As cases remain on a plateau, Beshear says virus is manageable, as long as Kentuckians follow the rules for preventing its spread

KHN chart shows two-week decline in May followed by a 10-day rise and a plateau higher than before.

As news develops about the coronavirus and its covid-19 disease, this item may be updated. Official state guidance is at

By Al Cross and Melissa Patrick

Kentucky Health News

Cases of the coronavirus in Kentucky have dropped to another plateau, higher than the one before Gov. Andy Beshear started reopening the state’s economy. That’s a manageable level, but surges in other states are a warning, Beshear said Wednesday as he reported 170 new cases.

“Kentuckians are doing a good job, but we’ve got to remember that what we see around us says it can come back very, very quickly,” Beshear said.

Asked later if he was concerned about the number of cases and positive tests, he replied: “We are not on that two-week decline that we had. We reopened, people had more contacts and we had more cases. I think it’s really important to be up front about that, and it’s not just due to more tests. It’s because there are more contacts out there.”

He added, “What we’ve all agreed to do is to learn how to live with this virus, until there’s a vaccine, in the safest way possible. I do believe we’re still in . . . that plateau that we talked about before that two-week decrease. Now, if we stay within that plateau, this is a manageable virus because that plateau is well within the hospital beds, the ICUs and the ventilators that we have available.”

Beshear said last week that he would pay more attention to hospital use and capacity than new cases, and those numbers have been stable or declining. Wednesday he reported that 416 Kentuckians were hospitalized for covid-19 and only 61 one of them were in intensive care, the lowest number in a while. However, Beshear indicated that not all hospitals are reporting.

The 170 new cases brought the state’s total to 12,995; Beshear said 3,444 of those have recovered. Counties with five or more new cases Wednesday were Jefferson, 37; Fayette, 18; Warren, 13; Laurel, 9; Jackson, 7; Boone and Carroll, 6 each; and Campbell, Henderson, Kenton and Madison, 5 each.

Beshear announced six more deaths, bringing the state’s toll to 518, including two that are considered probable covid-19 victims. The fatalities were a 71-year-old man in Clay County, a 90-year-old woman in Fayette County, and four women in Jefferson County aged 95, 93, 87 and 45. He said the 45-year-old had co-morbidities, other conditions that could have contributed to the death.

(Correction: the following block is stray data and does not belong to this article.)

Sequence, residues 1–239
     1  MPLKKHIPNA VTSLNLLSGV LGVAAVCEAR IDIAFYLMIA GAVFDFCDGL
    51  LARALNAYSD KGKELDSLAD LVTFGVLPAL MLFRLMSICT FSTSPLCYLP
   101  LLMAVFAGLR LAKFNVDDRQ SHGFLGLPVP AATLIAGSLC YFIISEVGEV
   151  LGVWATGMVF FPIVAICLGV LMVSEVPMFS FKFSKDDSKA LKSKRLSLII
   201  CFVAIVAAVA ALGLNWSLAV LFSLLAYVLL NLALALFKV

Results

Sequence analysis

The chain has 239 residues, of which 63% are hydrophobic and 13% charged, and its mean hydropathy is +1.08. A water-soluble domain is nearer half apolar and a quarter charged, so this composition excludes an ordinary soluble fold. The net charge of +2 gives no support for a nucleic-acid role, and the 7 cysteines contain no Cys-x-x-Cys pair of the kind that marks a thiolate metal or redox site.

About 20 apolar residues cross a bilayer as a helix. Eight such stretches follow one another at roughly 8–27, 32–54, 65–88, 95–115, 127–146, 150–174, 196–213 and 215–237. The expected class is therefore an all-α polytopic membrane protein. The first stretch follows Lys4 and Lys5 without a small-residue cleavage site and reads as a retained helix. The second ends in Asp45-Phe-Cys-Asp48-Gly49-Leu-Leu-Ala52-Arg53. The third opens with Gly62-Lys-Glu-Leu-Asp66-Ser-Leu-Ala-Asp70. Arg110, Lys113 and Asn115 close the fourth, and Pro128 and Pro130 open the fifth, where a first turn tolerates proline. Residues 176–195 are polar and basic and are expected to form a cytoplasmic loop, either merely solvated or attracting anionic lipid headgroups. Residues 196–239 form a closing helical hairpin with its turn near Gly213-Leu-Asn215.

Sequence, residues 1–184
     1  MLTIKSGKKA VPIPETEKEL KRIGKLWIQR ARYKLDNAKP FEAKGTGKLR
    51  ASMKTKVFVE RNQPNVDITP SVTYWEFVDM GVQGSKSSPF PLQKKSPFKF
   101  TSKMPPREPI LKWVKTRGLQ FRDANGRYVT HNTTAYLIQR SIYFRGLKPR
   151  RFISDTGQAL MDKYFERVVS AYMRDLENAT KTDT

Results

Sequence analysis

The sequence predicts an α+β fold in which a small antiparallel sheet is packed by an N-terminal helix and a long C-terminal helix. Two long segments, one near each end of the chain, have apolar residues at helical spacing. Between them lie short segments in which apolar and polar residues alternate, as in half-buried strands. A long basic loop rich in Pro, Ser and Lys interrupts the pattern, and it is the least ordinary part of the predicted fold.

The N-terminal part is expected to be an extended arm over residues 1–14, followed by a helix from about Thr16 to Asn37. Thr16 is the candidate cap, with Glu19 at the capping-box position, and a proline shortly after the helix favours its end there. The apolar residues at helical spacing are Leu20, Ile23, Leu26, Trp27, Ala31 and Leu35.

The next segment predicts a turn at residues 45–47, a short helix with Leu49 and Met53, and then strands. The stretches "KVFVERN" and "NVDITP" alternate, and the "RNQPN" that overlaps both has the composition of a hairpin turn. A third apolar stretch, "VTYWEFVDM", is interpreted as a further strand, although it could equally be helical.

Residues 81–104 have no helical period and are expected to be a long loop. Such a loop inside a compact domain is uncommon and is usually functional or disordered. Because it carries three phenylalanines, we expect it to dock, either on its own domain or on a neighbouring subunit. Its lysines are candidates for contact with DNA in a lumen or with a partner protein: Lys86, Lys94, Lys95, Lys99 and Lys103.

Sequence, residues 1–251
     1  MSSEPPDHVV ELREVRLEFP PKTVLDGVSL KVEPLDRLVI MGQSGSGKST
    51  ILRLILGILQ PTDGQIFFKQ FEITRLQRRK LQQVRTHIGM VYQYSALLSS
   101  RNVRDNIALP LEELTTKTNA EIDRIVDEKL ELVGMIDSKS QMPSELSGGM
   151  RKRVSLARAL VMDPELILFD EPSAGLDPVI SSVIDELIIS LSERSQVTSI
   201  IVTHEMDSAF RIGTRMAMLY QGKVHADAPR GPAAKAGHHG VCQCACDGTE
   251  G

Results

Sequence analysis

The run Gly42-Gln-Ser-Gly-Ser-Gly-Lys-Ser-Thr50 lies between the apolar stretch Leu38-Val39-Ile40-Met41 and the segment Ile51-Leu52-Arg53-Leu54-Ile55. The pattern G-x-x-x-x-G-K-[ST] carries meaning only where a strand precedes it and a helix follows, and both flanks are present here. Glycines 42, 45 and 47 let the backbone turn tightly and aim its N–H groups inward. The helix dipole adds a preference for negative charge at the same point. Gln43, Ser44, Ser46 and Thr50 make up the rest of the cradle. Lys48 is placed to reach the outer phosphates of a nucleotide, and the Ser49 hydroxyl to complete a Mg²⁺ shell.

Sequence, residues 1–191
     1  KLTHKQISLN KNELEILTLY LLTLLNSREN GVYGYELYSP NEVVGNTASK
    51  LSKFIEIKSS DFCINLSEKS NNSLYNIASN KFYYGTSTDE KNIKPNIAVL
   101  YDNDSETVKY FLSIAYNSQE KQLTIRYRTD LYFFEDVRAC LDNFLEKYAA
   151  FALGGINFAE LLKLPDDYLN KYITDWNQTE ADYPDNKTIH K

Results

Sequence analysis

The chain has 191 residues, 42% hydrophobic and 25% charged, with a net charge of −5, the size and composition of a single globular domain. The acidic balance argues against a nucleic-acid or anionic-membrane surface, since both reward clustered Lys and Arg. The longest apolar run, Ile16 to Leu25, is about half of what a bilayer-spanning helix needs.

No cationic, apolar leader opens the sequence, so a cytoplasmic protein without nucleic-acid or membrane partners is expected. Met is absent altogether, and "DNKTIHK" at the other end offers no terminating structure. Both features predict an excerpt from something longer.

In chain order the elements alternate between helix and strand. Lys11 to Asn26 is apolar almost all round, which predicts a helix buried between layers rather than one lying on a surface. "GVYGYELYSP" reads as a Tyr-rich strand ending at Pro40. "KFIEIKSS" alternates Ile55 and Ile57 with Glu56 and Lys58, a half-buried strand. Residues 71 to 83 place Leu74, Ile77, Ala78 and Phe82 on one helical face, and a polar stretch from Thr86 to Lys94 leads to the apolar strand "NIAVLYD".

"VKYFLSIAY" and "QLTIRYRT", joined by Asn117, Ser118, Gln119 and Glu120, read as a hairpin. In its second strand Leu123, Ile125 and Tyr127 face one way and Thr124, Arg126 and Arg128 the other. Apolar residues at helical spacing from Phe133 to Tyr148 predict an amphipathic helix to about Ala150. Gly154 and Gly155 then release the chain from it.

In long-term-care facilities,  Beshear said 22 more residents and 15 employees had tested positive for the virus, bringing the respective totals to 1,552 and 747. One more death was added to the long-term-care list, bringing that total to 332, including three employees.

Prevention advice: Beshear said it seems that some people are tired of following rules that help prevent people from getting infected, but “We’re gonna have to live with this virus until we get a vaccine. … That takes us changing the way we do things. We need everybody to be willing to do things differently.”

In response to a question form Kentucky Health News, Beshear reiterated previous advice that people should limit their number of activities during a day to limit their possible exposures to the virus.

“There’s truly a risk every time we go out in public right now,” he said. “Reduce the contacts you would have had before covid by at least 50 percent. . . .Manage all of those together because that’s gonna help us mange this crisis.”

Unemployment: As hundreds of people seeking help with their backlogged unemployment-benefit claims lined up for help outside the Capitol, Beshear said at least 1,100 people had been helped Tuesday and Wednesday. He said the operation will move to 275 E. Main St., Frankfort, Thursday and Friday from 9 a,m. to 6 p.m., and will later move to locations around the state.